Three-dimensional printing was recently named by Goldman Sachs as one of eight technologies that are going to creatively destroy how we do business.
In a new note, a Credit Suisse team led by Julian Mitchell dives into the sector, coming up with some projected growth figures and pinpointing which markets will be doing most of the driving.
“Most corporate guidance defaults to the assumptions of industry consultants who estimate that the 3D printing market will grow at ~20% annually. We challenge this assumption and attempt to quantify the addressable market by investigating the opportunities within key verticals such as aerospace, automotive, health care, and consumer. We conclude that these four markets alone (which comprise ~ 50% of the AM market today) represent sufficient opportunity to sustain 20-30% annual revenue growth, bolstered by the technology’s transition from prototyping to end use parts and expansion into metals.”
Here’s the chart:
Credit Suisse’s massive 180-page report goes into painstaking detail into how 3D printing will change the world. But here are some highlights:
Health care is already knee-deep in 3D printing. Mitchell and co. say more than 90% of all hearing-aid shells today are produced through the process.
As it turns out, dental applications probably contain the most potential within health care, thanks to the more than 14,000 dental labs in the U.S. The C.S. team envisions market penetration to improve to 18% from 12% in the sector by 2016.
Personalised hip and knee replacements could also see gains. The team projects a market of up to $US1.8 billion, though they note that the niche has yet to totally catch fire.
And GE has been producing a previously expensive part of ultrasound machines can be printed on 3D machines (they can also use it to make wind and gas turbine parts).
“It’s really fundamentally changing the way we think about the company,” Mitchell and co. quote Mark Little, GE’s chief technology officer, as saying.
Projections for 3D printing’s expansion into aerospace match those in health care — the team sees a 30% compound annual growth rate for each. Aeroplane engines will lead the way:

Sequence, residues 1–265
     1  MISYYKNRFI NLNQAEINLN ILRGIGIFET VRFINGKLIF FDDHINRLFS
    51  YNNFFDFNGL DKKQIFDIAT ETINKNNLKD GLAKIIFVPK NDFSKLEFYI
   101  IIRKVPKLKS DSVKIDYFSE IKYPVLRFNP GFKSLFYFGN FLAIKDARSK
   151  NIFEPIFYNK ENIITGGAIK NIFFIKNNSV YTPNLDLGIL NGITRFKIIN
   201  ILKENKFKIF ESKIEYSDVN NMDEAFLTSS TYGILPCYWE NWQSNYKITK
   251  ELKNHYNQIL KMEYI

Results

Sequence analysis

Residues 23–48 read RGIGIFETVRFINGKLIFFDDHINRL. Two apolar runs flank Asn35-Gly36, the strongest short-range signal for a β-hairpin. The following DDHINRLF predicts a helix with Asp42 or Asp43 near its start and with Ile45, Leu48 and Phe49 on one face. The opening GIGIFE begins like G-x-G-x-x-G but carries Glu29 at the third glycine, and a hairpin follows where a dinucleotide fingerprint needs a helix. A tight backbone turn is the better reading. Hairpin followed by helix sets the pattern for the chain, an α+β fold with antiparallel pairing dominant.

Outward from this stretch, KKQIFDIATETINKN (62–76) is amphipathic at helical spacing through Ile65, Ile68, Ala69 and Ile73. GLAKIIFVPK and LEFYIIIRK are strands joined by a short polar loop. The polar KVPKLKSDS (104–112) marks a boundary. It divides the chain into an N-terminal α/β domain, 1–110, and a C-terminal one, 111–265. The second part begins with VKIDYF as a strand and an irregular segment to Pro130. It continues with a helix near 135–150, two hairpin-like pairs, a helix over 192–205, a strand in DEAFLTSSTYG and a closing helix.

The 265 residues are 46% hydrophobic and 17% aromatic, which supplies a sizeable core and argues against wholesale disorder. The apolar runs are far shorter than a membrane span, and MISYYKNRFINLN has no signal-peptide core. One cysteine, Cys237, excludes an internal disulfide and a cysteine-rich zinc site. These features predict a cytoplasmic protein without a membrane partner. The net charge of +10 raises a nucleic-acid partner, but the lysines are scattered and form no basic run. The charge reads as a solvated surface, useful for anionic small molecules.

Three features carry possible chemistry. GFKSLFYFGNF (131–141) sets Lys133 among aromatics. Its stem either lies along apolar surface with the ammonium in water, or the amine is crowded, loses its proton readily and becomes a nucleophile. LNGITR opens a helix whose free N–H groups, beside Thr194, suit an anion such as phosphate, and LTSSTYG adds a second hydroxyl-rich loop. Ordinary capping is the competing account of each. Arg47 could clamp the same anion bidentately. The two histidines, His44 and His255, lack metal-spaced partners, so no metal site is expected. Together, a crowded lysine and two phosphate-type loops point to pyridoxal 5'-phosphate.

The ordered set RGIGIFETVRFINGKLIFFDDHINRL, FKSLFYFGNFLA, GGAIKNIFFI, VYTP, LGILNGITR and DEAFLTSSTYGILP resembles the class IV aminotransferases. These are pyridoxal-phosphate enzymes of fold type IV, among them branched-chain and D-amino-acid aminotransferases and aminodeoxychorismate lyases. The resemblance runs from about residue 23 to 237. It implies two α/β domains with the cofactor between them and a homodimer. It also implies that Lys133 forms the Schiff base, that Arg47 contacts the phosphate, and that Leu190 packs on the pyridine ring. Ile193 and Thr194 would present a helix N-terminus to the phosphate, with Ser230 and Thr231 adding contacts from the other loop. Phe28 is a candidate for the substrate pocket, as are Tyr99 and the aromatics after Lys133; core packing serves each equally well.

“Capital expenditures at aircraft engine [manufacturers] for example are generally ~4% of sales, the majority of which is allocated to manufacturing equipment. With 2016E aircraft engine industry sales of ~$50bn, this implies an addressable market for printing systems for aircraft engines of ~$1.4bn in 2016. This represents over 6x the entire 3D market for aerospace today, which is not limited to only aircraft engines, and includes sales of materials, service, software, and parts.”
The most rapid expansion of 3D printing will come from personal use, the team argues:
“The consumer market is the fastest-growing portion of the 3D printing market, with expectations for 100%+ YoY growth in 2013. Makerbot [owned by Stratasys] describes its offering as intended for the ‘pro-sumer’ market (manufacturer’s suggested retail price is $US2,200-2,800), expecting many systems to be dual professional / personal use among small business owners or serious hobbyists. 3D Systems’ ‘Cube’ (MSRP $US1,200+) is marketed by DDD as a true ‘consumer’ printer.”
They also point out that Amazon has opened up a section of its site for 3D printing equipment and supplies, and that they’re currently on sale in Microsoft stores.
Finally, they note 3D printing has been endorsed by Elon Musk, and reference the following must-watch futuristic video to bolster their argument:
Mitchell and co. conclude that 3D Systems (DDD), Stratasys and ExOne Co. are the best stocks to play the field thanks to their presence in nearly all of these markets.
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